Call for your free consultation: 
(410) 685-2022
Call for your free consultation: 
(410) 685-2022
Sexual Assault 2/08/2022

Sexual Harassment in the Workplace: Can I Sue?

Understanding Your Rights If You Are Sexually Harassed at Work

It is unlawful for a person to harass another person based on their sex. Under certain circumstances, an employer may be held liable if their employee is sexually harassed at work. It is essential to consult with an attorney to take the appropriate steps to stop the discrimination and hold those responsible accountable for their wrongdoing.

At Schlachman, Belsky, Weiner, & Davey, P.A., we represent individuals who have been sexually harassed at the workplace. Sexual harassment is a pervasive problem at job sites throughout the United States. Today, more people than ever are coming forward with harrowing experiences of sex-based discrimination. 

If you have been sexually harassed at your workplace, contact our office at (410) 685-2022 for a free, confidential consultation.  

What Is Sexual Harassment?

Sexual harassment can encompass any verbal or physical harassment that is sexual in nature. In cases where the harassment is frequent and severe enough to create a hostile work environment, an employer may be held legally responsible. Additionally, a person may have a case against their employer if the harassment results in them being demoted or fired.

Examples of sexual harassment in the workplace include:

  • Unwanted sexual advances
  • Groping
  • Lewd or offensive comments
  • Discriminatory remarks
  • Requesting sexual favors
  • Derogatory jokes

It is important to come forward with any allegations of sexual harassment. Write down precisely what is said and done, as well as who you reported the abuse to. You should never have to work in an unsafe or hostile environment.

Reporting Sexual Harassment

Studies indicate that sexual harassment in the workplace often goes unreported. Many victims are afraid of retaliation for coming forward, particularly when the abuse is perpetrated by a superior. 

Steps for reporting work-based sexual harassment:

  • Report the harassment to your company. Review your company’s policy regarding reporting sexual harassment and discrimination. You may need to file a complaint with human resources or report it to your supervisor.
  • Report it to a government agency. State and federal laws protect individuals from being harassed at work. You can report harassment to the Equal Employment Opportunity Commission (EEOC) or directly to a state agency.
  • File a lawsuit against your employer. Depending on the circumstances of the case, you may need to file a lawsuit against your employer.

If you are being sexually harassed at work, you should contact an attorney as soon as possible. An experienced sexual abuse attorney can help determine how you should move forward with the allegations.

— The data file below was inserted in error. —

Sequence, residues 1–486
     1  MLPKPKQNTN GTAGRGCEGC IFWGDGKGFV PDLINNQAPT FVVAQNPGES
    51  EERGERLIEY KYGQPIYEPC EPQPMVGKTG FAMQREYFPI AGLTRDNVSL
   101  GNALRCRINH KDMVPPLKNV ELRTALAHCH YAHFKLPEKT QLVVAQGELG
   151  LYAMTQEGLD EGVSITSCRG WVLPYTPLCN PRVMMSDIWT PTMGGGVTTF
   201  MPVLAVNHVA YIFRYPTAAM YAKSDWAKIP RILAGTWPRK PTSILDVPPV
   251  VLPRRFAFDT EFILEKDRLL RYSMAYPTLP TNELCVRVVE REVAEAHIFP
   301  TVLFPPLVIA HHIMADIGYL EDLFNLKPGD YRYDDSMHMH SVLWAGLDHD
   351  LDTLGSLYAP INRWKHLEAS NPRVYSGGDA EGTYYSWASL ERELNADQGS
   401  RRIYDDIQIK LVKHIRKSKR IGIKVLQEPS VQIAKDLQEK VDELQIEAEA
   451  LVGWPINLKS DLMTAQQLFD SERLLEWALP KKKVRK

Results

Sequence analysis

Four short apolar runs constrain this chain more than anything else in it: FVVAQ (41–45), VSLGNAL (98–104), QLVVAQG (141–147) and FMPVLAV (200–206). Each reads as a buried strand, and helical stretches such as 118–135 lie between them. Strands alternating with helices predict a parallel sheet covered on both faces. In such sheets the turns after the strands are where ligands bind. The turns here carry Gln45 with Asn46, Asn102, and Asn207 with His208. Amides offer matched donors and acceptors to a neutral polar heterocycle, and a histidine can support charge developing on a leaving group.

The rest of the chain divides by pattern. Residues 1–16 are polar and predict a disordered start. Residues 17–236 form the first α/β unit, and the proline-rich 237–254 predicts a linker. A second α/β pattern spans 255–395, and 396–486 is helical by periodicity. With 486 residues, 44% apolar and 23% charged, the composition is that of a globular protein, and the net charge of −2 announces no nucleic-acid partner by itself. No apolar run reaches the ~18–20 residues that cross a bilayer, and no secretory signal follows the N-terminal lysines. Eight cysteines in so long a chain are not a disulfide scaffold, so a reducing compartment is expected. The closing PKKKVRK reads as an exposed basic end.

Proving Allegations of Sexual Harassment

Too often, victims of sexual harassment and abuse do come forward. They are silenced out of fear of not being believed or retaliation. 

First and foremost, it is important to know that you deserve to be heard. Your story needs to be told. Reporting sexual harassment in the workplace not only helps hold individuals accountable, but it can help change the culture that allowed it to continue to happen.

How an Attorney Can Help

An attorney may ask you questions about whether you knew of others who experienced harassment or unwanted sexual advances. They may inquire whether leadership knew about the abuse and did nothing. 

It is usually critical to show that the harassment did not just occur once but rather was consistent (pervasive) with no consequences or that it directly affected your performance. There are tight deadlines for reporting allegations of harassment or sexual discrimination, so it is vital to discuss your case with an attorney as early in the process as possible.

Sexual Assault at the Workplace

Sexual harassment can be verbal, but it may also be physical. When harassment involves any form of unwanted or unwelcome touching of a sexual nature, it is considered sexual assault and cannot be tolerated. When sexual harassment becomes physical, it should immediately be reported to law enforcement. 

Did You Experience Sexual Harassment in the Workplace?

If you have been the victim of sexual harassment or assault at your job, contact our office at (410) 685-2022 for a free, confidential consultation. Discuss your case directly with an experienced attorney. Get the compassionate, dedicated advocacy you deserve. Call today to get started.

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